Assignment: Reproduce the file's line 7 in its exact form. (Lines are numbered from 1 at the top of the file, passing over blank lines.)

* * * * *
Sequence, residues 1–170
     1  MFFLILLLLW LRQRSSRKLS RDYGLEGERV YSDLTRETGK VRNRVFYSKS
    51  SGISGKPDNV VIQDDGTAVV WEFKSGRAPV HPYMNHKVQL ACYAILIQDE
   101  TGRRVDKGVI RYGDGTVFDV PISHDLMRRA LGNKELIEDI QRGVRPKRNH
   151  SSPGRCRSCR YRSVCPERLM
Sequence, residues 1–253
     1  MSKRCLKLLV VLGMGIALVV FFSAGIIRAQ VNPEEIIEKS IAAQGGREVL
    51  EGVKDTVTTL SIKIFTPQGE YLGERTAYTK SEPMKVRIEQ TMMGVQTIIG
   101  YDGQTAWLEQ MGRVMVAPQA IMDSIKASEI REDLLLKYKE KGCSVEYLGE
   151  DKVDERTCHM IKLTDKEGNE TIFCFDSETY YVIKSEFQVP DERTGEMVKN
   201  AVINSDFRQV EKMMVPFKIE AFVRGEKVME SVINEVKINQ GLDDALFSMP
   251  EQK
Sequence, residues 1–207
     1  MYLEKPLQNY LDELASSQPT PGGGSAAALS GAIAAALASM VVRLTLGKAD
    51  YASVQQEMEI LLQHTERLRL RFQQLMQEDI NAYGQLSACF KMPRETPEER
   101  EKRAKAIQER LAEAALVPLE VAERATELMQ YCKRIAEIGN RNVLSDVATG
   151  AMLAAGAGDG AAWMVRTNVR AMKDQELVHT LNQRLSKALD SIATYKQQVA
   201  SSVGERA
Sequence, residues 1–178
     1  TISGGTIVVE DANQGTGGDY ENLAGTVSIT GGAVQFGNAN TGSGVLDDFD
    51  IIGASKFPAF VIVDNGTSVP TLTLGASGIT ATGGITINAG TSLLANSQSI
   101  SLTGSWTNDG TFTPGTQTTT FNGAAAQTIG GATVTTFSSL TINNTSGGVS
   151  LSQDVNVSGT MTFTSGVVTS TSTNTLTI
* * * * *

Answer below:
     1  MSKRCLKLLV VLGMGIALVV FFSAGIIRAQ VNPEEIIEKS IAAQGGREVL